Quantum Monkeys Blog

What makes startups special?

It doesn’t matter in which market your company is operating, if there are successful startups in the same domain you most probably have felt their impact.

Startups are a force to be reckoned with. They face harsh constraints on financial, material and human resources, they begin with no name for themselves. And yet those very constraints propels them. Their products evolve faster, they generate more buzz than anyone else and they gain market shares at an amazing speed. They call it “disruption” and if they can sustain it long enough, they will hurt you.

To be clear, I’m not talking about those startups with a focus on pure growth rather than profits in order to be bought off. Those will hurt you too, but they will disappear at some point. No, I’m talking about financially viable startups. Those are the ones that will be the mainstream companies of tomorrow. But the very way they operate means that tomorrow’s way of doing business will be very different from today’s.

It is crucial for any company to understand how those successful startups operate, regardless if you are a giant multinational, an established local company or even a startup yourself.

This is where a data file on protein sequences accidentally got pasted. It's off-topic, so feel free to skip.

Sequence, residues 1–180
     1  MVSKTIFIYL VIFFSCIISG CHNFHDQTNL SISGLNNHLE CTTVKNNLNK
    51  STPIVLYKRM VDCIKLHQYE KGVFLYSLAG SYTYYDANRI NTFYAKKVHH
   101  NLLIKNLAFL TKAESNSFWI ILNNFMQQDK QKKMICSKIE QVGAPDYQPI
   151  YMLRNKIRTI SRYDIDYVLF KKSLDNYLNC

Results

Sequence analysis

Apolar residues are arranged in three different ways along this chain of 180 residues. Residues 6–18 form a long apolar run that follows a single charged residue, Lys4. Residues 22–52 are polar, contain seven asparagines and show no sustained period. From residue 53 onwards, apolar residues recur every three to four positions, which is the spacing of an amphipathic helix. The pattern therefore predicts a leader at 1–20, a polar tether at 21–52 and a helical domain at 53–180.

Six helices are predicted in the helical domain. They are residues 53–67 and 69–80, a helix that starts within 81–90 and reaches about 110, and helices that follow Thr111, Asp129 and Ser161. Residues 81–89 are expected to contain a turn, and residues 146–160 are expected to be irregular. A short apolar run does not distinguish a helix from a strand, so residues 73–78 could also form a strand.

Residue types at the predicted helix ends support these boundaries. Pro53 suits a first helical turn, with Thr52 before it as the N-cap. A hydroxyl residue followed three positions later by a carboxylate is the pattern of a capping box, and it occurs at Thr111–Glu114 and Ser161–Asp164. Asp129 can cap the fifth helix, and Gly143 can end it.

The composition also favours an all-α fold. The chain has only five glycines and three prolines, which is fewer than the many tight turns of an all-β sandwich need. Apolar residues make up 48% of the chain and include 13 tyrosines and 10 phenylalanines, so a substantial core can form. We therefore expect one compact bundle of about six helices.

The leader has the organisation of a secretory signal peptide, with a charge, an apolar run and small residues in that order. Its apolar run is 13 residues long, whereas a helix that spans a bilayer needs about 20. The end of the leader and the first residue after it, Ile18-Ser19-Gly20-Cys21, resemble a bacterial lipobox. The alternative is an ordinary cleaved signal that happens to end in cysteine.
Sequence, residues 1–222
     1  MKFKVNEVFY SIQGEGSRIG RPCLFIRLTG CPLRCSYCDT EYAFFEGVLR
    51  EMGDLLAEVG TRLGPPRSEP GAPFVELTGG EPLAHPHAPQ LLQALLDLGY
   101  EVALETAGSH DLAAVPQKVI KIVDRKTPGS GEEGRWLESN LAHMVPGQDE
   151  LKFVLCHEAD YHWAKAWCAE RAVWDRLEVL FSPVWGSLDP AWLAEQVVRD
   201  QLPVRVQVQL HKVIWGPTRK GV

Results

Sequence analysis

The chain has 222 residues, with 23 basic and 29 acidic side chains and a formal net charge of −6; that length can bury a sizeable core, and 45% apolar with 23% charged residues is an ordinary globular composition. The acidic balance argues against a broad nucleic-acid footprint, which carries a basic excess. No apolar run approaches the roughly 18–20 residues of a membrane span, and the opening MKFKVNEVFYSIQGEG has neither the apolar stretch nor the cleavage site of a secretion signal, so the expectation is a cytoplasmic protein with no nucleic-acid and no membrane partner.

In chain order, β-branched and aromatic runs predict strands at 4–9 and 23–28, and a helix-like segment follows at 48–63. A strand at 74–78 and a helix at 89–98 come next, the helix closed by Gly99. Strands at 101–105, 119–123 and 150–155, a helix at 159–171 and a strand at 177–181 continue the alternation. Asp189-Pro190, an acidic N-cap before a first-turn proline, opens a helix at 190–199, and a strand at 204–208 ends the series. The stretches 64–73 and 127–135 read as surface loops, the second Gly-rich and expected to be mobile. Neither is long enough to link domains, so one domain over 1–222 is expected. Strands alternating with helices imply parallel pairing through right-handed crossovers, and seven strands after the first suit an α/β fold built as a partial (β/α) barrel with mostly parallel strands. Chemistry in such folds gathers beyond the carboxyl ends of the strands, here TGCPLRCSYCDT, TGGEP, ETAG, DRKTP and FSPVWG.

So, what makes successful startups so special?

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By Maurice Lefebvre, ago
Quantum Monkeys Blog

Intrapreneurs, pirates on the corporate sea

Innovation is key to success. We often see startups as hotbeds for innovation while larger companies are too mired in process, politics, and regulations to innovate, preferring to simply buy startups with a good product.

But it does not have to be that way. Very large companies such as Google, Apple, GE, Lockheed-Martin and so many others make good use of intrapreneurs to innovate in a manner similar to startups, without as many risks.

Intrapreneurs share the thirst for exploration and strange waters that their entrepreneur cousins have, while also enjoying breaking the rules of the calcified organizations they work for. Back in the early ’80s, Apple’s Macintosh team took up the pirate imagery and followed the maxim “Better to be a pirate than join the Navy”. That same renegade spirit inhabits intrapreneur teams everywhere to this day.

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By Maurice Lefebvre, ago